One such independent review, done at Stanford University, looked at the TM technique's effects on reducing anxiety, and found that TM practice had a significant, positive impact on anxiety and was more than twice as effective as any other mind-body practice studied (Journal of Clinical Psychology  957-974, 1989).
A 2013 review (meta-analysis) conducted by scientists associated with the American Heart Association and published in the journal Hypertension, investigated the effects of various forms of meditation on high blood pressure. The study concluded that the Transcendental Meditation technique should be recommended by doctors as an alternative treatment for hypertension, and that the TM technique is the only form of meditation that the American Heart Association can recommend for reducing hypertension.
Other reviews have shown such effects as a distinct state of physiological relaxation (American Psychologist  879-81, 1987), reduced use of cigarette smoking (Alcoholism Treatment Quarterly, 11,13-88, 1994), reduction of high blood pressure (Current Hypertension Reports 2007;9(6):520-528), reduced drug use (American Journal of Health Promotion, 12 :297-298, 1998), reduced alcohol use (Alcoholism Treatment Quarterly, 11, 13-88, 1994) and increased self-actualization (Journal of Social Behavior and Personality 6 (1991): 189–247; Journal of Counseling Psychology 19 (1972): 184–187).
AHRQ Report: Two scientific reviews (most notably the "AHRQ" paper, now archived on the AHRQ website as an "obsolete" study) failed to find strong evidence to verify whether or not TM or meditation of any kind produces significant health benefits. These are the reviews often cited by skeptics and opponents of meditation to argue that meditation has no clinically proven benefits. The current Transcendental Meditation Wikipedia page, displaying obvious negative bias on the part of its volunteer editors, cites these reviews as definitive studies—grossly misrepresenting the proven health benefits of TM practice.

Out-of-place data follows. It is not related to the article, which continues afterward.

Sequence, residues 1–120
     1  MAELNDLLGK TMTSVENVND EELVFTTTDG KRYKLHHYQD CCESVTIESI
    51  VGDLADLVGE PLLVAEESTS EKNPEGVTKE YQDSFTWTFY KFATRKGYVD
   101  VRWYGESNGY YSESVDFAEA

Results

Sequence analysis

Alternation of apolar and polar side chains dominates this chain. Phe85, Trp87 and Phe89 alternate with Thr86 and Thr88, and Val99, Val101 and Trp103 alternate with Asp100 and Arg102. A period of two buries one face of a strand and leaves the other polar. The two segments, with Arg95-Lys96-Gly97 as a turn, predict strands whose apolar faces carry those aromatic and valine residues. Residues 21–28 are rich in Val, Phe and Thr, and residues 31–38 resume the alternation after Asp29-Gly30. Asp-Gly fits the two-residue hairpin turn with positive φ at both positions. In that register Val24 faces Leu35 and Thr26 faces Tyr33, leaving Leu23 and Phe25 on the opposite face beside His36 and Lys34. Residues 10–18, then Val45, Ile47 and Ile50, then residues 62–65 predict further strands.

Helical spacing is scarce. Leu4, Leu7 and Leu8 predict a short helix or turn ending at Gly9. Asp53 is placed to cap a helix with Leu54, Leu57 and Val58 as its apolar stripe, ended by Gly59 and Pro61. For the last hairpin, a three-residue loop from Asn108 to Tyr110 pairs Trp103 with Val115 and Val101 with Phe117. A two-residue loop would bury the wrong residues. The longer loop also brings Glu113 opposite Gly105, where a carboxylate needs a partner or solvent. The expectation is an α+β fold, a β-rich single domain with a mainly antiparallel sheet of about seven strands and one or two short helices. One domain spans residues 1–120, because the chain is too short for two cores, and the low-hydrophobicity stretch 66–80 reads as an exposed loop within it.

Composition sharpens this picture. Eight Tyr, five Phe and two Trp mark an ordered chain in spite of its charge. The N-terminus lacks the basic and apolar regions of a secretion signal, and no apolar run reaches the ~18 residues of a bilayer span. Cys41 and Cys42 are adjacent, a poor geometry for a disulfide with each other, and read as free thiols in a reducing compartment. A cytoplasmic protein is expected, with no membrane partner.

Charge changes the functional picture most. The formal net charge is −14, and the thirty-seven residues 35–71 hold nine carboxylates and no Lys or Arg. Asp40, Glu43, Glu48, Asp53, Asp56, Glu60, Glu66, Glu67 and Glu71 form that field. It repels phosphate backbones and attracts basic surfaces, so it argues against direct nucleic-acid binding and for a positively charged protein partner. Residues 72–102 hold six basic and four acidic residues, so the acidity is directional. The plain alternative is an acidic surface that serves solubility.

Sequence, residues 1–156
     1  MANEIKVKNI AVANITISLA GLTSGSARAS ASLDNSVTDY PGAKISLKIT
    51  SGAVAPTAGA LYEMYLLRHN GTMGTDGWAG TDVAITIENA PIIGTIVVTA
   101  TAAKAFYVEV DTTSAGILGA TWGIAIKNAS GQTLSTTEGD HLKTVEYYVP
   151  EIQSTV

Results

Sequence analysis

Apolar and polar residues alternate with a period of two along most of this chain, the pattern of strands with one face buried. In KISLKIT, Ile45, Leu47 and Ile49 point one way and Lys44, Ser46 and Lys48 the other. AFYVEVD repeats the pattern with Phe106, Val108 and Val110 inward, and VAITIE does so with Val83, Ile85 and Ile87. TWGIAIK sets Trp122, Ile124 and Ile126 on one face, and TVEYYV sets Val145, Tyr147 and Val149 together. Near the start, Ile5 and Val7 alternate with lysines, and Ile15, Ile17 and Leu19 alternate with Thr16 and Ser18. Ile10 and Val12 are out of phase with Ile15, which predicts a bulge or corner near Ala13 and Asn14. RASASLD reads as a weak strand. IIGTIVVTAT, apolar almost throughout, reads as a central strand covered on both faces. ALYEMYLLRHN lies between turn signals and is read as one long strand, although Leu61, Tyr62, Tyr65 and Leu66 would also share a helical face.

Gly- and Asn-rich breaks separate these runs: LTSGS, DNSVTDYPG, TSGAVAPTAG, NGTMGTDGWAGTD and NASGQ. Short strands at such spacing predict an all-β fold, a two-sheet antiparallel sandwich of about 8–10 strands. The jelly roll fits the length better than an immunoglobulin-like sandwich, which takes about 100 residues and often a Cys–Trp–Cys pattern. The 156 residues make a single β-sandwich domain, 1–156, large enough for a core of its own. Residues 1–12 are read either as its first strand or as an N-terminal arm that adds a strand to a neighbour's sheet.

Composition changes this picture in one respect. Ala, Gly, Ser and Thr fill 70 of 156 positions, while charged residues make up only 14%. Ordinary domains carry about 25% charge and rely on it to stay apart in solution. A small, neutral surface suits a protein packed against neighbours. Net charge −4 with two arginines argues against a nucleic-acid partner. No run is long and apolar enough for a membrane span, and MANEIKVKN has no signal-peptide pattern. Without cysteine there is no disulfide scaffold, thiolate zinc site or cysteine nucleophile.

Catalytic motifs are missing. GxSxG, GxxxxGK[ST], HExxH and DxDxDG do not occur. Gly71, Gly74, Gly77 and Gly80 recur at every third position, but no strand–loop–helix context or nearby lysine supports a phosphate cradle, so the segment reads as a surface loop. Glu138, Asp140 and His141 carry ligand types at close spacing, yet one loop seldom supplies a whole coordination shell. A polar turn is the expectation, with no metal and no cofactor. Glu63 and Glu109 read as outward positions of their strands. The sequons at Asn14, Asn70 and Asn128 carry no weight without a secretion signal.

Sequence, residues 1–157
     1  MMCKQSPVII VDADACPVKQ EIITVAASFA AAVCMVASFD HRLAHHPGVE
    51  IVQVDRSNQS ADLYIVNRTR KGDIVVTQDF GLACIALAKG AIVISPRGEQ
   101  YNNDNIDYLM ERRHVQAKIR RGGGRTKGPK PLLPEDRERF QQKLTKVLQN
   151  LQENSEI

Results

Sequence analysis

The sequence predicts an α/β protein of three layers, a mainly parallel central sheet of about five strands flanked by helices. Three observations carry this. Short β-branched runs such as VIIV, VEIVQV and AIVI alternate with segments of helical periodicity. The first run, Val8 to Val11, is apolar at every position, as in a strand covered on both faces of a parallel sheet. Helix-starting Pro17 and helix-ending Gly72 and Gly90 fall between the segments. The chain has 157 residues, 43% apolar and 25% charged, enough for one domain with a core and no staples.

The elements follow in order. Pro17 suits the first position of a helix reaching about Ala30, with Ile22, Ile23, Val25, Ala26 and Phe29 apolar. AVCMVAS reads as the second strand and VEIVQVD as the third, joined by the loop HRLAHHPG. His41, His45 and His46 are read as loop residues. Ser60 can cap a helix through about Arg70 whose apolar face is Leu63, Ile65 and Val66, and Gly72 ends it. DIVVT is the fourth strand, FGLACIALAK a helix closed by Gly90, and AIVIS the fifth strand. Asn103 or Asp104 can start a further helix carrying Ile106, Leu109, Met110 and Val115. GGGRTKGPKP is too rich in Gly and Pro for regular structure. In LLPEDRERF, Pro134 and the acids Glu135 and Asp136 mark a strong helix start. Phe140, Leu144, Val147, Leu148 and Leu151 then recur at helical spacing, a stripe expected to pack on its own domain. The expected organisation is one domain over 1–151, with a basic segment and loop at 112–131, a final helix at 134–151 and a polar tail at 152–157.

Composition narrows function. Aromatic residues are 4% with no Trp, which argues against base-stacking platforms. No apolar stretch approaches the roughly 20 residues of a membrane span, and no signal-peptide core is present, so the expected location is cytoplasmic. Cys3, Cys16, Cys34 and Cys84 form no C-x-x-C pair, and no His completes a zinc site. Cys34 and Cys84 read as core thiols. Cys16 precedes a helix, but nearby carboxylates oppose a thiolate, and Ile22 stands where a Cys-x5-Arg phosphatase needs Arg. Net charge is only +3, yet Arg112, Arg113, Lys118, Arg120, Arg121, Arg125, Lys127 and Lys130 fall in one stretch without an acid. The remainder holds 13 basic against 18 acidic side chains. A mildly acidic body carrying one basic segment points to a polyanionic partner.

One might say that meditation opponents are cherry picking the data and favoring only studies that support their beliefs, while ignoring literally hundreds of other peer-reviewed studies that validate the benefits of the TM program, including other meta-analyses and randomized controlled trials.
A close look at the reviews in question and the methodology they used reveals that there is little basis to the charge that "TM produces no significant health benefits." These two reviews are considered to be poorly designed and replete with errors, and are often dismissed because they did not thoroughly consider the large body of relevant data. Meditation researchers in general consider the reviews inconclusive, at best.
A 2014 meta-analysis published in JAMA also considered the general health effects of meditation, but included only a small handful of studies on the TM technique and did not analyze the data of several larger, more significant studies. That study is reviewed here in JAMA itself: http://archinte.jamanetwork.com/article.aspx?articleid=1885495
Fortunately, the fact remains: over 600 scientific papers, research studies and reviews have validated the benefits of the TM program for mind, body, behavior and environment—hundreds of these studies appearing in leading peer-reviewed research journals, with nearly $30 million in research grants from the National Institutes of Health.
More on the AHRQ report and health research on meditation
Myth #2: Meditation and relaxation practices are basically all the same and produce the same effects.
Myth #5: The research studies were conducted only by “TM scientists” and are not impartial scientific studies.
Myth #6: Independent scientific reviews show that Transcendental Meditation practice produces no significant health benefits. (On the AHRQ report.)
Myth #7: Yikes! It's a cult!
Myth #8: TM began as a religion, then became scientific to reach more people.
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